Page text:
Lessons from Luke: the Publican
Did you know that the disciple called Matthew, also known as Levi, was a tax collector before Christ called on him to be a follower?
Today’s post is another in our Lessons from Luke series. Luke tells of Christ’s first encounter with Matthew here:
After that He went out and noticed a tax collector named Levi sitting in the tax booth, and He said to him, “Follow Me.”
And he left everything behind, and got up and began to follow Him. And Levi gave a big reception for Him in his house; and there was a great crowd of tax collectors and other people who were reclining at the table with them. The Pharisees and their scribes began grumbling at His disciples, saying, “Why do you eat and drink with the tax collectors and sinners?”
And Jesus answered and said to them, “It is not those who are well who need a physician, but those who are sick.”I have not come to call the righteous but sinners to repentance.” Luke 5:27-32
Kind of a timely passage as we enter tax season here in the United States, isn’t it? However, to get the full effect of the story, we need to first take a look at what a tax collector or “publican” was in those days. He was not your friendly IRS agent by any means. Publican were crony capitalists in the truest sense of the word.
The Roman Empire was nothing if not ambitious. Conquering, ruling, road building, partying – all were done without restraint, but that meant that funds were needed. As time went on, the government’s demand for money kept going up – sound familiar? Furthermore, in the first century, it was not possible to ask for a loan from China so the Caesars turned to the citizenry of the Empire and squeezed harder and harder. The publican was the tool used to keep the tax pressure high.
The system for collecting taxes was ingenious. First, the Roman government assigned as estimated tax value to a particular asset. The asset could be a county, a city, a region, a bridge, a harbor, a road, etc. All individuals were taxed and taxes were collected on almost any asset required by commerce. Publicans would bargain with the Roman Empire for the right to collect taxes in a particular location, usually guaranteeing a certain rate of return. This is where things got interesting – the publican was more than welcome to collect more than the tax required by the Romans. The Romans knew that by supporting the power of the publicans, they could maximize tax revenue and the publican knew that he could use the force of the Roman legionnaires to get rich. There were even instances where if a businessman could not afford his tax, the publican would loan him the money at an extremely high rate of return. The publican had the right to say, “You need to give me $100 in cash right now or you can owe me $125 a month from now. And if you don’t come through, you might run into a few Imperial entanglements.” First century publicans make our own IRS seem pretty warm and fuzzy by comparison.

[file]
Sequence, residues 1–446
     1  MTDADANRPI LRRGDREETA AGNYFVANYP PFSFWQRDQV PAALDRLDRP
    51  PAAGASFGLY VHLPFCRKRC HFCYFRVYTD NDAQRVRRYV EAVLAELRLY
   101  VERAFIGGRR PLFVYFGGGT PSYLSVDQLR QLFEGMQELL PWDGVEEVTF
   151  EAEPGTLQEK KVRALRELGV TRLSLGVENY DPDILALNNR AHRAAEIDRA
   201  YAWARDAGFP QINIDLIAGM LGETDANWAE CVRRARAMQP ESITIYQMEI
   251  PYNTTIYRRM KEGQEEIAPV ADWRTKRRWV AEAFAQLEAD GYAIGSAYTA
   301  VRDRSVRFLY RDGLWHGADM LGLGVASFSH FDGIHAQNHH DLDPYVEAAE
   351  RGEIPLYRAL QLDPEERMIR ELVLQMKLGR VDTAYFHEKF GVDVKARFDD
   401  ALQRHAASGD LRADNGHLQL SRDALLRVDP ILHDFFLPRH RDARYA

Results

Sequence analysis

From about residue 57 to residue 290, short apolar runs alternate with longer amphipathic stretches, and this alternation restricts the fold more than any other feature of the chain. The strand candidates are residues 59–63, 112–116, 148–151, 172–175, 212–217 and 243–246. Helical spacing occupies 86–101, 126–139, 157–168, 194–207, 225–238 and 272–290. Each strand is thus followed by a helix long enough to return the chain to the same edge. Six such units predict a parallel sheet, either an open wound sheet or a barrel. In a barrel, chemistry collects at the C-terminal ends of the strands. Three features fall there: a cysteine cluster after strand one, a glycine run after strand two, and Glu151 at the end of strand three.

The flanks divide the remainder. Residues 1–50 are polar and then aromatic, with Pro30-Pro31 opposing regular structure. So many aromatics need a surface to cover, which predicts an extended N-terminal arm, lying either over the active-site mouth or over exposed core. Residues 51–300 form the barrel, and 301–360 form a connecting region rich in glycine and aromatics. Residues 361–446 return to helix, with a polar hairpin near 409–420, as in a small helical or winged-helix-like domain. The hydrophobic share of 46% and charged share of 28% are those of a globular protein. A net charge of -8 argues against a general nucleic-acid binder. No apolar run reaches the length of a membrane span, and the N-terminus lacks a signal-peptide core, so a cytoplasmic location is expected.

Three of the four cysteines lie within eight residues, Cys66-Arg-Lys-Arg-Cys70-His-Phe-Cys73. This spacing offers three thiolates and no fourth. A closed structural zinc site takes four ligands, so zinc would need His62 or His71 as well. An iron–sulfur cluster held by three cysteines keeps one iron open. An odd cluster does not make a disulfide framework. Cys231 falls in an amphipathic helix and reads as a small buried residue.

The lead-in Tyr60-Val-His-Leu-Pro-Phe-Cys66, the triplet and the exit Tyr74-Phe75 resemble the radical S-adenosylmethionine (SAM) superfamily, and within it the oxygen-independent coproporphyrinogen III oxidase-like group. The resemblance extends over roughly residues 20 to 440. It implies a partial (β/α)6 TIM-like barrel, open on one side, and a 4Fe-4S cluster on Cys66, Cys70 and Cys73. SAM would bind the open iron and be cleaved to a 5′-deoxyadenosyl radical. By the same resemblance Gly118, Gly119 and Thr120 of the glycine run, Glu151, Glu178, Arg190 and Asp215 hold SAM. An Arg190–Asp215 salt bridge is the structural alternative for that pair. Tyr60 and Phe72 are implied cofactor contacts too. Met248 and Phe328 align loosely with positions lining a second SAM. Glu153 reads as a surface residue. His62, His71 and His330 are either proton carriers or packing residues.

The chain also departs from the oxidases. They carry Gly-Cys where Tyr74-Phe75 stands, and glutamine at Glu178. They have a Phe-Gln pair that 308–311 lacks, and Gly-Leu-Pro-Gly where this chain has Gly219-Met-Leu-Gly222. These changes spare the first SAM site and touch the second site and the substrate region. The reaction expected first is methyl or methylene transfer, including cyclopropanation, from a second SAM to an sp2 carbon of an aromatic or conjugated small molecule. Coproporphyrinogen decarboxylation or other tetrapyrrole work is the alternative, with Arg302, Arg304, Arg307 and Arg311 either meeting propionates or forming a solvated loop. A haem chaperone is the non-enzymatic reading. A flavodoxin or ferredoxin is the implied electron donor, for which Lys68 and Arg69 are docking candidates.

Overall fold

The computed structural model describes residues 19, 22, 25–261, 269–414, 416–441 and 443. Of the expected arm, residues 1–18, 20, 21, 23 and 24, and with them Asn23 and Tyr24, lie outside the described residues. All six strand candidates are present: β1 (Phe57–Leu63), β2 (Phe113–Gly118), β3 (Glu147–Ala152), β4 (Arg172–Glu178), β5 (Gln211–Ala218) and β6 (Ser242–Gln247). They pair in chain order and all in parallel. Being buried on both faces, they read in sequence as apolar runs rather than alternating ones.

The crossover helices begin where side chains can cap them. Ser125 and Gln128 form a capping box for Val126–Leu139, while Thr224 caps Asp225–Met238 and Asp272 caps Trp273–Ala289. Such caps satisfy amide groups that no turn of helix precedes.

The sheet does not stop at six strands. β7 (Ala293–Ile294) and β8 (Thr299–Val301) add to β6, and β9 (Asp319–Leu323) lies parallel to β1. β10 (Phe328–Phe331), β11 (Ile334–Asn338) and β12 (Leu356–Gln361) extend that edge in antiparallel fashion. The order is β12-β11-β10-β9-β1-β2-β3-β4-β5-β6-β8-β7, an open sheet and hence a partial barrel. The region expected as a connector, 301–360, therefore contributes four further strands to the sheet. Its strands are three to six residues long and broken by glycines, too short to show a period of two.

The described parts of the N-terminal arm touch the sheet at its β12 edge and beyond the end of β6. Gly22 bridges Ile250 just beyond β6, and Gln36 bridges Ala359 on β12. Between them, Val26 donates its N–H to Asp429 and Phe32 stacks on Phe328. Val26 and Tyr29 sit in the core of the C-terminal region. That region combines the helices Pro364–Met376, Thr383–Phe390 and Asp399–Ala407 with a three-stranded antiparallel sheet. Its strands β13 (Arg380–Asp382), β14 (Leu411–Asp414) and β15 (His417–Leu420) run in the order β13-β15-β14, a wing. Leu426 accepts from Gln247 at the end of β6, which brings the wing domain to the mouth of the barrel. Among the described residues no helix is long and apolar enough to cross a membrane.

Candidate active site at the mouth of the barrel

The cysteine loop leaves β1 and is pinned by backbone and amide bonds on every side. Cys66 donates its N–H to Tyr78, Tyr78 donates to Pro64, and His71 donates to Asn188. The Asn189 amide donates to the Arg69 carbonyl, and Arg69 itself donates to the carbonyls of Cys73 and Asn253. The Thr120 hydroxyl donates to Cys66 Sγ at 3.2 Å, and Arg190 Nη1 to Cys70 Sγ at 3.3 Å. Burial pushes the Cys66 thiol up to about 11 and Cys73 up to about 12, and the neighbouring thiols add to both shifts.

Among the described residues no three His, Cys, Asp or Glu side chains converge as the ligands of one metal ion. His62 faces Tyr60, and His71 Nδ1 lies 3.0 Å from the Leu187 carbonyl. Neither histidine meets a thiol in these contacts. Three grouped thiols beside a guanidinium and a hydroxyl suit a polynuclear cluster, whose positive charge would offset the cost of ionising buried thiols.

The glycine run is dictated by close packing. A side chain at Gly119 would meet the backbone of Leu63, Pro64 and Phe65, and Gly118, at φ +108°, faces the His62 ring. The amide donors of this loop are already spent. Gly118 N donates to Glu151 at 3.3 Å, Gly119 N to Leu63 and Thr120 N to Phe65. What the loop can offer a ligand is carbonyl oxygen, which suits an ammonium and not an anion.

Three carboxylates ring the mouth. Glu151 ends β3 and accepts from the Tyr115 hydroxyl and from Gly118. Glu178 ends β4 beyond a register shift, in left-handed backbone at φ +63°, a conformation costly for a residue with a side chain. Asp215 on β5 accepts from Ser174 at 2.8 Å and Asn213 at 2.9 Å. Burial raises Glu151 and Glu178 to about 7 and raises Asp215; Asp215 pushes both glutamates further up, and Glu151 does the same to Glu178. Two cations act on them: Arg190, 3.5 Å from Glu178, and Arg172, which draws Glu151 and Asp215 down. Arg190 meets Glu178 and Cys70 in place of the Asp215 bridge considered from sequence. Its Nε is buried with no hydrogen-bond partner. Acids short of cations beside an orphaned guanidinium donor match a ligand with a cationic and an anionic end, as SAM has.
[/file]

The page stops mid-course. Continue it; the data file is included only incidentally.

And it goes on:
Naturally, publicans were almost universally despised and to an even greater degree by the Jewish people who viewed the payment of taxes to a Gentile government as almost sacrilegious. To make matters worse, Matthew himself was a Jew! Here was a Jewish publican taking advantage of his own people in order to fill the coffers of a foreign power and line his own pockets!
In my next post, we will examine Christ’s dealings with this despicable human being.